Japan town begins blocking Mt Fuji view from 'bad-mannered' tourists

Caroline Gardin - Agence France-Presse
Japan town begins blocking Mt Fuji view from 'bad-mannered' tourists
A tourist poses in front of a convenience store with Mount Fuji on May 3, 2024, before a huge black barrier which will be installed to block Mount Fuji from view, in the town of Fujikawaguchiko, Yamanashi prefecture
AFP / Philip Fong

FUJIKAWAGUCHIKO, Japan — Work has begun in a small Japanese town to erect a barrier blocking views of the country's most famous sight, Mount Fuji, after locals complained of bad behaviour by photo-hungry tourists.

Fujikawaguchiko town began building panels of mesh netting at a spot where unending flows of mostly foreign tourists visit daily to take photos of the majestic mountain sitting behind a Lawson convenience store.

Photos taken from a narrow stretch of pavement across a busy road from the Lawson store -- which are ubiquitous in Japan -- are widely shared online.

Local officials and residents say while the town welcomes visitors, they need to stop tourists from continuously crossing the street, ignoring red lights, littering, trespassing, illegally parking and smoking outside of designated areas.

"It became not uncommon for people to yell at us when we asked them to move their cars, and for them to throw their lit cigarettes (on the ground)," a dentist's office located across the street from the Lawson shop said in a statement.

By the middle of this month, the town plans to complete the barrier, which will stand 2.5 metres (8 feet) high and stretch more than 20 metres long to block the view of the mountain, with hopes that it will discourage tourists from loitering there.

The town's move has prompted national and international headlines, as Japan experiences growing problems of overtourism, particularly at popular sites like the narrow private alleys of Kyoto, and even trails on Mount Fuji itself, where tourists love to photograph themselves and post on social media.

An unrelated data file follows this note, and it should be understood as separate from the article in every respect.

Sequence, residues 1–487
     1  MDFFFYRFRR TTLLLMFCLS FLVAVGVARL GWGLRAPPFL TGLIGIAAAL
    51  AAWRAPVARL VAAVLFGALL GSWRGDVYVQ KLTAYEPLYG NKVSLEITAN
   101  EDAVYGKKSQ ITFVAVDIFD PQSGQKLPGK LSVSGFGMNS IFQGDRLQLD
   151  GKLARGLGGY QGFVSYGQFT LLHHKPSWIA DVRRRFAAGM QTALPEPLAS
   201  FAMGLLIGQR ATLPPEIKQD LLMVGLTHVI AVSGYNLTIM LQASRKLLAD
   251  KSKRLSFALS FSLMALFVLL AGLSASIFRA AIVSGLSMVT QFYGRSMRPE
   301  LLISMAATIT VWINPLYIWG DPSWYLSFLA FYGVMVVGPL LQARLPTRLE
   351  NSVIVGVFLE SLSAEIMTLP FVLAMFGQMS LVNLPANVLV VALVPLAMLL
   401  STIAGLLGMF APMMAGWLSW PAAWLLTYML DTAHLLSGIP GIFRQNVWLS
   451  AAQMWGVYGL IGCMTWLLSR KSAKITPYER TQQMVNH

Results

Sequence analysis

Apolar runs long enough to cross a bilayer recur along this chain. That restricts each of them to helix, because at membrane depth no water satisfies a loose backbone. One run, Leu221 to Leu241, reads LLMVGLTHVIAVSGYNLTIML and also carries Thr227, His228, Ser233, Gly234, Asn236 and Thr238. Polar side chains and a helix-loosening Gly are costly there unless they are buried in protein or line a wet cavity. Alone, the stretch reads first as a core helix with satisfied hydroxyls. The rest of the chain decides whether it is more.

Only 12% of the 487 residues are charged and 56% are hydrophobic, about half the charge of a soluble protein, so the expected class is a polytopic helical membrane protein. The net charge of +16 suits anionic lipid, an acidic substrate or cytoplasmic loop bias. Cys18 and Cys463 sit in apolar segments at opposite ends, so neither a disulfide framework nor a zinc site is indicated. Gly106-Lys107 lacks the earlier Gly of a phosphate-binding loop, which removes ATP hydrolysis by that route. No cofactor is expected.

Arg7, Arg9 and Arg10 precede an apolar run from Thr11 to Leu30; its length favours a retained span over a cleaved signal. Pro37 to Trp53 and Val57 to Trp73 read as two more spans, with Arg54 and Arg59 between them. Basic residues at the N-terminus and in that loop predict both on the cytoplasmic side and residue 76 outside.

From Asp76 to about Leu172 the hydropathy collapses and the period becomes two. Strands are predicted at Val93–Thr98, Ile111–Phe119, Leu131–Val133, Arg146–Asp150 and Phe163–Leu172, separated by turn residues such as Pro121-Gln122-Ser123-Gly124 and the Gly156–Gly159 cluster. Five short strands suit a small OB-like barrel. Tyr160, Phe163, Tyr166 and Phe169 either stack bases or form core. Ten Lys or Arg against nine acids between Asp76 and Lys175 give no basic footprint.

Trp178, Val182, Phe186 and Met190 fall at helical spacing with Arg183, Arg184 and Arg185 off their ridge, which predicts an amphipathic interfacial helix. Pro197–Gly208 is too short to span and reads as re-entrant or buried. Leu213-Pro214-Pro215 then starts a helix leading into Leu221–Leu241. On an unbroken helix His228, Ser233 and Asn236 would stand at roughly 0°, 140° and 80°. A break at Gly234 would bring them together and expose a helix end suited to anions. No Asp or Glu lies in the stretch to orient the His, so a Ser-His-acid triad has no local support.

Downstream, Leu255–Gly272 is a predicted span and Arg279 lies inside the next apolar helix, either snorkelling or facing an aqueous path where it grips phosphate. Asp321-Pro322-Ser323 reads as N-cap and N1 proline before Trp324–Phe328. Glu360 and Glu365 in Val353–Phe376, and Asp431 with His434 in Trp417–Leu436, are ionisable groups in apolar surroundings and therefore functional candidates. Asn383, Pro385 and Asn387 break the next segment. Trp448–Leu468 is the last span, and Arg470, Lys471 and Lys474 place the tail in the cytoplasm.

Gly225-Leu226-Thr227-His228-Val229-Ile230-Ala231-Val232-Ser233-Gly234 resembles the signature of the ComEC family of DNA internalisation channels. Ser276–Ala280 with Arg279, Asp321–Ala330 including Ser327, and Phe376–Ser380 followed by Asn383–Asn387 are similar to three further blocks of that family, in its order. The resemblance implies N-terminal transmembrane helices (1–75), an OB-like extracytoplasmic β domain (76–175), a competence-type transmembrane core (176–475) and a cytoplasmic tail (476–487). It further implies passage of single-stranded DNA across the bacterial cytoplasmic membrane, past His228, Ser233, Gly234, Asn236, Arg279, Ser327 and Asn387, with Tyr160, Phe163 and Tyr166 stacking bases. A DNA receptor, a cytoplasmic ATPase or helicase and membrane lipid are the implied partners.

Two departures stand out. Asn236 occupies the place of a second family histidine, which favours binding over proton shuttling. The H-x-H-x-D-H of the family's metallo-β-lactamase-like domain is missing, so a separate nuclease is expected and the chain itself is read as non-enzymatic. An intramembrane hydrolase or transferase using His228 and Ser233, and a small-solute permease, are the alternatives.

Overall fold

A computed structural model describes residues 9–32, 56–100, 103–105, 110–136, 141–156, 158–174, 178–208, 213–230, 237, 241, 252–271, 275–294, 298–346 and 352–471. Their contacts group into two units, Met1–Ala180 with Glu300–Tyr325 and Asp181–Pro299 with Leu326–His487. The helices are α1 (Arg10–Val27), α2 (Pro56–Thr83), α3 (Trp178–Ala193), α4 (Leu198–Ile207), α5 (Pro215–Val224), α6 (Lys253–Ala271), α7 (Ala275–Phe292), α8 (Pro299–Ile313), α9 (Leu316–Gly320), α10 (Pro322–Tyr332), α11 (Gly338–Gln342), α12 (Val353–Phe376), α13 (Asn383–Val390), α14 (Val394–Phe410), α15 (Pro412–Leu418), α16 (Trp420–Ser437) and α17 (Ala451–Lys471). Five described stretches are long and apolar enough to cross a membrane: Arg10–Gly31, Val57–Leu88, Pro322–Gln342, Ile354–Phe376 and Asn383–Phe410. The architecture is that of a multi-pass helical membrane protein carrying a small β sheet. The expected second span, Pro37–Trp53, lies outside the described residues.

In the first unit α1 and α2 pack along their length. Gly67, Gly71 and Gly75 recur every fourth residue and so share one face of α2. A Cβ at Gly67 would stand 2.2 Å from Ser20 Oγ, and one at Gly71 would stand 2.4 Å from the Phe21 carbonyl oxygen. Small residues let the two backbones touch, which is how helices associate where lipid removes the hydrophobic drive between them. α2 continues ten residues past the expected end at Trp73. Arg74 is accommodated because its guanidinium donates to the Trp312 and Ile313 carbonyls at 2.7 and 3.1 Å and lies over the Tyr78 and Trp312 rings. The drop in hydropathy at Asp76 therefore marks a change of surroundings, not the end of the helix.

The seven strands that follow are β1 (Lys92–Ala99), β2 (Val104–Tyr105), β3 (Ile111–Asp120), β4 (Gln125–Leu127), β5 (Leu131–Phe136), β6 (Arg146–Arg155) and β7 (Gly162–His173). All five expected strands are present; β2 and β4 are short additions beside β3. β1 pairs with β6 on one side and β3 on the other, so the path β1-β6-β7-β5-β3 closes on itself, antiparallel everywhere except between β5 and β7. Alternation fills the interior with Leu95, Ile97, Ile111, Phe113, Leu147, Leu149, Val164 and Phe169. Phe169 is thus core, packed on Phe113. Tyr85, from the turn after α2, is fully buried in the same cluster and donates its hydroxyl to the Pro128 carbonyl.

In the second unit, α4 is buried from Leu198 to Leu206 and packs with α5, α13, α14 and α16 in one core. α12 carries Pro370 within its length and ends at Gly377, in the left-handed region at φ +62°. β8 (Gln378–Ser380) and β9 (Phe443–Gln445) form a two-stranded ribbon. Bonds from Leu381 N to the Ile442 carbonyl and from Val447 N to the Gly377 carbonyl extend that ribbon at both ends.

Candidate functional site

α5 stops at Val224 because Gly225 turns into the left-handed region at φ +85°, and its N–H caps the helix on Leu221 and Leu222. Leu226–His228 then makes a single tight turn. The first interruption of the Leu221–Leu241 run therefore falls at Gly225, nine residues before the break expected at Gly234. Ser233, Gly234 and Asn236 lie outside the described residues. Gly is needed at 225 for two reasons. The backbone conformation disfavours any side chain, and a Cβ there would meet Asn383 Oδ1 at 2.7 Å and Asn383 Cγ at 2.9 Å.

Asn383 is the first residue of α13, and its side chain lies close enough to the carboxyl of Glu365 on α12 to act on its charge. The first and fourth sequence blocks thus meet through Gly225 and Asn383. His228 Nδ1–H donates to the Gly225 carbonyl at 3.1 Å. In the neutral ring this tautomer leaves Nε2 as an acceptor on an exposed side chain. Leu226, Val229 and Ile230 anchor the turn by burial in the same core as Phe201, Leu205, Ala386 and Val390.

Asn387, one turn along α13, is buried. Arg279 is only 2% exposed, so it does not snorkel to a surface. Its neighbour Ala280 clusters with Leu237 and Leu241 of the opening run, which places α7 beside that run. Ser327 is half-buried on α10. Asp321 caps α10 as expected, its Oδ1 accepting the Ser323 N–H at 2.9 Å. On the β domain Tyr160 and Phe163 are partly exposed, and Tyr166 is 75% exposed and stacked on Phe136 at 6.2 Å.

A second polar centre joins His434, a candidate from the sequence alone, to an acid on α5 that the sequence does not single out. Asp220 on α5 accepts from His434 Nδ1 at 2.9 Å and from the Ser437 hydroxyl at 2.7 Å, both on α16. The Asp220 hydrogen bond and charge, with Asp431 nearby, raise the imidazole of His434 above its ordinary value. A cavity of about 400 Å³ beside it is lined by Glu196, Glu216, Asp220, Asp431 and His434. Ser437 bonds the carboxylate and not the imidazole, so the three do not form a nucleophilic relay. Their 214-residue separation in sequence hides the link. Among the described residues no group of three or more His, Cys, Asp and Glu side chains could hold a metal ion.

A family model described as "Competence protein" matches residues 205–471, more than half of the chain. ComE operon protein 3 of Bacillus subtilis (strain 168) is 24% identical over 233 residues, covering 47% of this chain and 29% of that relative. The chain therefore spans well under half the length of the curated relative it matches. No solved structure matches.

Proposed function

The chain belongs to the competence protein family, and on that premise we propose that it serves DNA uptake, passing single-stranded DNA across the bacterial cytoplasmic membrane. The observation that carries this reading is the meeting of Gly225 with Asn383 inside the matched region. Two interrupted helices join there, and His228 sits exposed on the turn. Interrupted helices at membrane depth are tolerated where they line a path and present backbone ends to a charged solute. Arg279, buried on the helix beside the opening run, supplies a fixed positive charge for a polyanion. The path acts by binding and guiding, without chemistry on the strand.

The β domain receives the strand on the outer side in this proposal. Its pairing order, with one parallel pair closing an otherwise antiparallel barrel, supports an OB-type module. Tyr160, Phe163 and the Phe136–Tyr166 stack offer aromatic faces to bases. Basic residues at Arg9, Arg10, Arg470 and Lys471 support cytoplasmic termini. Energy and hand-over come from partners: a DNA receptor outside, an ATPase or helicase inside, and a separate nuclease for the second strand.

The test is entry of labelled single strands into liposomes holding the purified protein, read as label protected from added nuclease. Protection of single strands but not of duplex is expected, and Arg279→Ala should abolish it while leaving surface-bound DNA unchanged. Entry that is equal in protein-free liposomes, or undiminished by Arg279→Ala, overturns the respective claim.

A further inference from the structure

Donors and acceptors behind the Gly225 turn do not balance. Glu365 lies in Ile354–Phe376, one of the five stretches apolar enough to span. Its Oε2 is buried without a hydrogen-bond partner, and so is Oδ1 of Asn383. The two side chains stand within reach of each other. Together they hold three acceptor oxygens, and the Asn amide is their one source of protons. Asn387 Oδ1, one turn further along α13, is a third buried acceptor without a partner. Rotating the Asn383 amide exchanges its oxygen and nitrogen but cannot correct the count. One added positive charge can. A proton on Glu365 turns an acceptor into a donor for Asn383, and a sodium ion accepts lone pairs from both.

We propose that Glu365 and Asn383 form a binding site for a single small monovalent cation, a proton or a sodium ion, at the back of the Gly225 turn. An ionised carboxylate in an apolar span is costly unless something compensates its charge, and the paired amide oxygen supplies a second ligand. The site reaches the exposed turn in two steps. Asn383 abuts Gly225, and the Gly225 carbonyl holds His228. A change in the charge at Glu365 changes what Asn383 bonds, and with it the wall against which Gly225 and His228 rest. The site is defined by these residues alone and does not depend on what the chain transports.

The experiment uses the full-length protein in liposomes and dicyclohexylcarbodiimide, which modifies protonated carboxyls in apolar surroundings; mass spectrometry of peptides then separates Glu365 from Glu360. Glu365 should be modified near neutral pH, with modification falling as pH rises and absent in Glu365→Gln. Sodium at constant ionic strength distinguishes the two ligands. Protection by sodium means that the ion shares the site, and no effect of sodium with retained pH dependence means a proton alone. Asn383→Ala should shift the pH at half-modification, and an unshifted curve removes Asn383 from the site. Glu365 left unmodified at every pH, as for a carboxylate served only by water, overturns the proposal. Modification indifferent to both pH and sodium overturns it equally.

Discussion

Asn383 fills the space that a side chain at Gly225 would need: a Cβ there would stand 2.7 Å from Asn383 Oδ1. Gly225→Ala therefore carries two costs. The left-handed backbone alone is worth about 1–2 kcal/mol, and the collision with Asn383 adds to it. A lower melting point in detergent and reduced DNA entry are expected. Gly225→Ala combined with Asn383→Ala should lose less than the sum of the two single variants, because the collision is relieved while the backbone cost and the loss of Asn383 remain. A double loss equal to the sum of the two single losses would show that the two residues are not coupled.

The Fujikawaguchiko town hall has been inundated with telephone calls from Japanese people, many of them non-local residents, who have criticised the move to block the view.

"It is not that we do not want people to see Mount Fuji. The issue is that there are so many people who are not able to observe basic rules," a town official told AFP.

 'Basic manners'

Having the net barrier is unfortunate but perhaps necessary, area residents say.

"We welcome foreigners for the revitalisation of the community, but there are so many violations of basic manners, like crossing the road, dumping garbage and trespassing into people's properties," a 60-year-old resident told AFP.

"After all, they are here for Mount Fuji, so having that barrier is very unfortunate," said the woman, who identified herself as Watanabe.

"There might have been other ways to deal with it, but for now I feel it cannot be helped," she said.

Some tourists expressed understanding and voiced hopes that the town would create a designated photo spot.

But others speculated that the barrier may only make matters worse.

"Stop people? I don't think so because when there is a will there is a way. People will just be on the left side of it or right side of it," said 29-year-old Australian tourist Trinity Robinson.

"There definitely will be a way to still get the shot. It will just be more dangerous, really."

As a possible solution, a 37-year-old local man, who gave his name as Ama, called on visitors to check out other scenic locations in the area.

"Mount Fuji from here (near the Lawson shop) is fantastic. But there are so many other places around here where you can visit and see beautiful views," he said.

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